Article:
I have this affinity for Christmas music, perhaps due to the resonating truths married to simple melody that stirs something in me. While it’s not necessarily about Christmas, this enchanting carol, Dona Nobis Pacem, has long haunted my ears.
There are only three words, “Dona nobis pacem,” which is latin for “grant to us peace.” I encourage you to take just a moment and let this beautiful instrumental soothe your soul.
What a beautiful prayer. Grant to us peace. What a fitting holiday sentiment. And I find myself wrestling with the weight of things that don’t seem particularly peaceful. This week alone I have spent almost 20 hours in or driving to and from hospitals. My heart has been heavy for folks that are very dear to me who are in times that are not principally characterized by peace.
I was thinking about two separate episodes out on the Sea of Galilee when sudden storms put even the experienced sailors among Jesus’ disciples to fright.
On the first occasion, Jesus was in the boat. He was exhausted. He fell asleep in the back of the boat and was unphased by the storm. The panicked men around him awakened him with somewhat accusatory cries, “Don’t you care that we could die here?”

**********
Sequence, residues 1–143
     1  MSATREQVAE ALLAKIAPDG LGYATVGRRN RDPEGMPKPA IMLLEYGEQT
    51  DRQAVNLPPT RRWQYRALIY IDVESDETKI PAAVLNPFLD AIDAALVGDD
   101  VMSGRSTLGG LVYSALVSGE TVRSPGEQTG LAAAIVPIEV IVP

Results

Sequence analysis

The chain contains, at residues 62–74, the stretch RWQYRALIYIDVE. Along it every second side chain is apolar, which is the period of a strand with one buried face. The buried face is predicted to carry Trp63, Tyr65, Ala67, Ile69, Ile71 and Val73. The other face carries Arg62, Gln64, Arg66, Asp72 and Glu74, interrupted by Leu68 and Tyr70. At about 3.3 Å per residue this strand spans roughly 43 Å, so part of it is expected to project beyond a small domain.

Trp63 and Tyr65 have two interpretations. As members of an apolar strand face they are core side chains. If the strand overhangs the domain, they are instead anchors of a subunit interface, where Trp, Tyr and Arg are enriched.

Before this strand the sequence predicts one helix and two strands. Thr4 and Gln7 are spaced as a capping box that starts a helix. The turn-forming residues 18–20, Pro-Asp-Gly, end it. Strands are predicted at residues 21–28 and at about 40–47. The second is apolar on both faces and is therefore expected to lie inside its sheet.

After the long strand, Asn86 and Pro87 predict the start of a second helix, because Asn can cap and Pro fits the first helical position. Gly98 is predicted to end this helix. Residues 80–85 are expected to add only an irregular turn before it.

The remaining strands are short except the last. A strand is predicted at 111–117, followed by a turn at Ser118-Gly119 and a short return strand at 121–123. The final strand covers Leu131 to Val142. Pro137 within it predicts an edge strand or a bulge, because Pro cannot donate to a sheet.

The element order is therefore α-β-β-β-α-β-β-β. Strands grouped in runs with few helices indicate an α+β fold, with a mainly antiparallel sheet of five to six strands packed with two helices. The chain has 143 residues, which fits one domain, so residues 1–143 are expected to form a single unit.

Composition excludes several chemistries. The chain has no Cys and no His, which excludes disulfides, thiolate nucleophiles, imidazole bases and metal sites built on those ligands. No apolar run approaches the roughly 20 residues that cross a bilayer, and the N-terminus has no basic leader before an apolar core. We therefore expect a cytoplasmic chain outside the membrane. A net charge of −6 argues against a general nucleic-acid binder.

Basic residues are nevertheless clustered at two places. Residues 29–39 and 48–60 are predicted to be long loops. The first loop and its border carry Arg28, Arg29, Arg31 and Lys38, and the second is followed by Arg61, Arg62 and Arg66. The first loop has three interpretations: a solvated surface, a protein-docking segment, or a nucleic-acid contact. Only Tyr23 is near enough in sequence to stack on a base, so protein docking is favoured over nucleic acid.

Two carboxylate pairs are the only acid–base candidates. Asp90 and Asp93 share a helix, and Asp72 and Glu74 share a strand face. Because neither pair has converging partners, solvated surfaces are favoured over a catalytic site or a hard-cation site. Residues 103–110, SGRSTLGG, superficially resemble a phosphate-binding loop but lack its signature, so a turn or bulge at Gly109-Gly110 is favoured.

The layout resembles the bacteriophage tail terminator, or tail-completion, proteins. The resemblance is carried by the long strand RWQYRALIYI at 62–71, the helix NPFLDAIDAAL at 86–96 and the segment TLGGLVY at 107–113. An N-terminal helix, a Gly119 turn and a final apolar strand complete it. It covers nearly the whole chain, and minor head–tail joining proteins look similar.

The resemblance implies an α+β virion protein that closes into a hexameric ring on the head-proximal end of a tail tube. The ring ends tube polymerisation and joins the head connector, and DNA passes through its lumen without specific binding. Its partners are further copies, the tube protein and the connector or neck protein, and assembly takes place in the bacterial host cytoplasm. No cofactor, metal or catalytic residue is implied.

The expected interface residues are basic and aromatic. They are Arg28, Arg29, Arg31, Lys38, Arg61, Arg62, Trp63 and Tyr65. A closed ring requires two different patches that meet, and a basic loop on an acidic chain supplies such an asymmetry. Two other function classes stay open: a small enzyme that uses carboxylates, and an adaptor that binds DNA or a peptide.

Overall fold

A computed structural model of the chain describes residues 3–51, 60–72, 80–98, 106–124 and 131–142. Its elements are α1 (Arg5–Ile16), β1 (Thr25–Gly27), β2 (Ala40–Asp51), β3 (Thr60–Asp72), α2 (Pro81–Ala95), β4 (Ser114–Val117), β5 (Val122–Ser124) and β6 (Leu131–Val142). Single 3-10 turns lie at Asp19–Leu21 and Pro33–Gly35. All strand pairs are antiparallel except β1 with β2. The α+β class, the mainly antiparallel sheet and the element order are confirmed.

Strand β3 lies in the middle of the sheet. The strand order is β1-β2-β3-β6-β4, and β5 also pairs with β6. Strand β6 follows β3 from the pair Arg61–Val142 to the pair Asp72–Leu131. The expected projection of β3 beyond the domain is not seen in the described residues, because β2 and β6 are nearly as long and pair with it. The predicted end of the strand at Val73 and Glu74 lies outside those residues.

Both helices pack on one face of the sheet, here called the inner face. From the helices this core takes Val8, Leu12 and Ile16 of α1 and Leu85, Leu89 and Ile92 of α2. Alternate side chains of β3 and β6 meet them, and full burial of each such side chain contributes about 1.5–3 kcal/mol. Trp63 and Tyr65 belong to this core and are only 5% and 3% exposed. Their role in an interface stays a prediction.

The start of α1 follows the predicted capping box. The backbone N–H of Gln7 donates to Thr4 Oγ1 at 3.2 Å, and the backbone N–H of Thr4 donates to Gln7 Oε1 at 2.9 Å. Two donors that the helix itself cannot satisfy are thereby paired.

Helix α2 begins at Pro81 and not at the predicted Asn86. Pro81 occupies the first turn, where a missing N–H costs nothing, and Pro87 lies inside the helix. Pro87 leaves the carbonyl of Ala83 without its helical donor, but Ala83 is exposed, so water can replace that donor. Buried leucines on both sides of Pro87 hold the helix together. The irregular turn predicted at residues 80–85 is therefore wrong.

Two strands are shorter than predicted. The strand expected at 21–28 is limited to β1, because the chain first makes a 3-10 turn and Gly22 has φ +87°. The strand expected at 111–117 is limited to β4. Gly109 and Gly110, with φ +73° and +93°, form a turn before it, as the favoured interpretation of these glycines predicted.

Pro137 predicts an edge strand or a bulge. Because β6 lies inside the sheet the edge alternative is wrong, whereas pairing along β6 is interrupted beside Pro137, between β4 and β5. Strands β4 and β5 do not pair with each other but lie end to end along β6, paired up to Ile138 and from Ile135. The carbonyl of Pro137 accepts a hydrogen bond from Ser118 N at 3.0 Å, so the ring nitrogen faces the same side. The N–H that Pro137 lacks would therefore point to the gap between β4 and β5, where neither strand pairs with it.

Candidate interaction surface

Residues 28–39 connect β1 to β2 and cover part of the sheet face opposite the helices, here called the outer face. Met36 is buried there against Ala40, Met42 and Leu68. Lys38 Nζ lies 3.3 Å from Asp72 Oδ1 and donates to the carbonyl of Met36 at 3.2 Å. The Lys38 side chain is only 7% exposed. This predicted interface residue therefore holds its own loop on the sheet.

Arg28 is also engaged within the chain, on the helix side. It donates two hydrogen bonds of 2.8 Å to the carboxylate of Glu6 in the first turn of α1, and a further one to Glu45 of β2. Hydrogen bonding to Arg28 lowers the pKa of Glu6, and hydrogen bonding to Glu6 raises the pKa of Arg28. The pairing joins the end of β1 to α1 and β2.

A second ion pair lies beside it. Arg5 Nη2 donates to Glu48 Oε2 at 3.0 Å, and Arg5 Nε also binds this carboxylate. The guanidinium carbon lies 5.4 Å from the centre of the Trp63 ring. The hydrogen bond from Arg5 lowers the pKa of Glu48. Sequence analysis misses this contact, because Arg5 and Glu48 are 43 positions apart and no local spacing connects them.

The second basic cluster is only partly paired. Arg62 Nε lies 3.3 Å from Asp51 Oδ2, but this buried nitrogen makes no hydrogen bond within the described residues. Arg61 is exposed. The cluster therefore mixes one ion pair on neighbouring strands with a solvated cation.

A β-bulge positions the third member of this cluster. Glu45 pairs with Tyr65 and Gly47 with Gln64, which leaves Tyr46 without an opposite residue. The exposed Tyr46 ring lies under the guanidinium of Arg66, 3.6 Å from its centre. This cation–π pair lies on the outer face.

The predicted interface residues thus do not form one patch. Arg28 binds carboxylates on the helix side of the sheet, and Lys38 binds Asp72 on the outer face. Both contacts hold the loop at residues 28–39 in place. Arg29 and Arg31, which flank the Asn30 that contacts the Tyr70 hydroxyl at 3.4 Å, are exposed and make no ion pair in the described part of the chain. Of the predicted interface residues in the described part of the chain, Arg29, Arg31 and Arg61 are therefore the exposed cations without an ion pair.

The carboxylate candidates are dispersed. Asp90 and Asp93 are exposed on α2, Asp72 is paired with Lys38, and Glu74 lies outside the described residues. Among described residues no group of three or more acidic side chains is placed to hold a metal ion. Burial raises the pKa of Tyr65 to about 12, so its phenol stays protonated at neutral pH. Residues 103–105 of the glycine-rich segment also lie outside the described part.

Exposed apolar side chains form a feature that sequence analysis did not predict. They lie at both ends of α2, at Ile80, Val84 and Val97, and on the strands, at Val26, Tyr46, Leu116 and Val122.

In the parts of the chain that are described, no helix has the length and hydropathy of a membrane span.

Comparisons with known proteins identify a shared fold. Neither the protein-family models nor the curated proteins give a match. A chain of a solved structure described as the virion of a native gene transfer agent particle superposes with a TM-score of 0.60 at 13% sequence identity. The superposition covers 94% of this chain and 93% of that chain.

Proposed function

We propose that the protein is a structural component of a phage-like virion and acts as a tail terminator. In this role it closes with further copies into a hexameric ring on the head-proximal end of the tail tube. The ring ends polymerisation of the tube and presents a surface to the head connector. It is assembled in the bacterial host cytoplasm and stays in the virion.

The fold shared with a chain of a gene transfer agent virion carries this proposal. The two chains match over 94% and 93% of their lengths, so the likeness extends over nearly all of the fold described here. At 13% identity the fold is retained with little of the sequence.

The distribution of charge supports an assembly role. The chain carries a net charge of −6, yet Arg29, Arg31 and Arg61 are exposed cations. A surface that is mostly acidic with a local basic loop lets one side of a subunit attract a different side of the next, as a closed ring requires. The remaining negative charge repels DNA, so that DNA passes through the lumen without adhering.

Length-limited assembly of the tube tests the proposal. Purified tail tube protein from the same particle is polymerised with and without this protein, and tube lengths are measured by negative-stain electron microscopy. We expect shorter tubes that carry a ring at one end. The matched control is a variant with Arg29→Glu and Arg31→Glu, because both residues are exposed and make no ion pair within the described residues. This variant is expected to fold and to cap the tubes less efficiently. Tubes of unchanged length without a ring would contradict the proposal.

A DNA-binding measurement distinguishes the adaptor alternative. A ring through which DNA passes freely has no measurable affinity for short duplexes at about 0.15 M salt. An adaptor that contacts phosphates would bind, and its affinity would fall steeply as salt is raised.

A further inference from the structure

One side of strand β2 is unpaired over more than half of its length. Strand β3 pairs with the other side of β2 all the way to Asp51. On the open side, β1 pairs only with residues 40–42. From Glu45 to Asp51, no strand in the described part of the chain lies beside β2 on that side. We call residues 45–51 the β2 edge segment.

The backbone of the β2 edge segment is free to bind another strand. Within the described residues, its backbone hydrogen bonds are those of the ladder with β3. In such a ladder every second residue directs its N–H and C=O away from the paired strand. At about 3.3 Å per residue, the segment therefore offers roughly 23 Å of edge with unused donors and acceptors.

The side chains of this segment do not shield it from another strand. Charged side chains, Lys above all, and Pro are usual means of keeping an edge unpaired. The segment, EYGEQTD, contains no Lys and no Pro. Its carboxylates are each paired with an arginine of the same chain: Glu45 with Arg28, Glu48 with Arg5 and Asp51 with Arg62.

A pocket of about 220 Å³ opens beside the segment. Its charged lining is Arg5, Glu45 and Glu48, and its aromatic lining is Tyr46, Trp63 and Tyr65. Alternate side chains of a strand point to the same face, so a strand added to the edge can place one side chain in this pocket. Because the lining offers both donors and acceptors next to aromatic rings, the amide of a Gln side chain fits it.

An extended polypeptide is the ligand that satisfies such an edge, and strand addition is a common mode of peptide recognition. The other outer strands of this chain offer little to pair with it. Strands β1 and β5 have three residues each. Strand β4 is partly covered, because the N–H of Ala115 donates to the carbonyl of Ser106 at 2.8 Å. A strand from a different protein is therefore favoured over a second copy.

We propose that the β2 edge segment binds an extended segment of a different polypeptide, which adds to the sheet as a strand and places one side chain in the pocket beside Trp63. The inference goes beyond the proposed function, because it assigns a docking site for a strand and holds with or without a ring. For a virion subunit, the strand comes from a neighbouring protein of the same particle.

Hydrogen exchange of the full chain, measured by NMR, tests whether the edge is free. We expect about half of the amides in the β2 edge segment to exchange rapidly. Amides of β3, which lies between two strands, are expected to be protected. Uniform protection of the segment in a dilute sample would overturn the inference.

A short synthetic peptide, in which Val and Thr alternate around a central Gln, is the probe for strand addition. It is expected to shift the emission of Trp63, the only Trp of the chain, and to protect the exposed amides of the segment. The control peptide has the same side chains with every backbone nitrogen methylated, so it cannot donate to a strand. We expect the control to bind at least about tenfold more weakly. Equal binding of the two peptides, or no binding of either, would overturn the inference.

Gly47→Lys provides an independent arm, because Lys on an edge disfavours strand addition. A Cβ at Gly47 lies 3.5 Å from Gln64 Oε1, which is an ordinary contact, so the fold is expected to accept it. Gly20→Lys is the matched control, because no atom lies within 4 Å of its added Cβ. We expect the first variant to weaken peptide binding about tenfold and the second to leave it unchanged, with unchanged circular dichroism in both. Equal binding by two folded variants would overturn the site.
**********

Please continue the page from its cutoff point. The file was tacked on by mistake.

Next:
Jesus asked why they were afraid with a convicting jibe, “O you of little faith.” Then he stood up and spoke to the wind and the sea, “Peace. Be still.” The Scripture says, “…and there was a great calm.” The disciples were now surrounded by a tangible, observable peace. But the Scripture says, “And they were filled with great fear…””
Some time later, they were out on the same lake – maybe even in the same boat. A similar storm came up and, in the darkest part of the night Jesus came walking on the water to them. Understandably, the disciples thought they were seeing a ghost. But then Jesus spoke to them – waves and wind thrashing around them all, “Take heart; it is I. Do not be afraid.”
I won’t stretch the text to say that they all were immediately filled with great calm, but it was enough so that one of them, Peter, asked to come walking on the water to meet Jesus. Peter’s experience there is a story for another post. But the end of this account ends with the observation that these men responded in worship – a worship born of peace, even in the midst of a storm.
As we celebrate the birth of Jesus, may we remember that God already aswered our longing, the cry of this beautiful song, “Grant us peace.” In sending the Son, called by the prophet “the Prince of Peace,” He sent us the only real souce of peace – His own presence, Immanuel, “God with us.”
May He continually grant us peace within despite the storms without.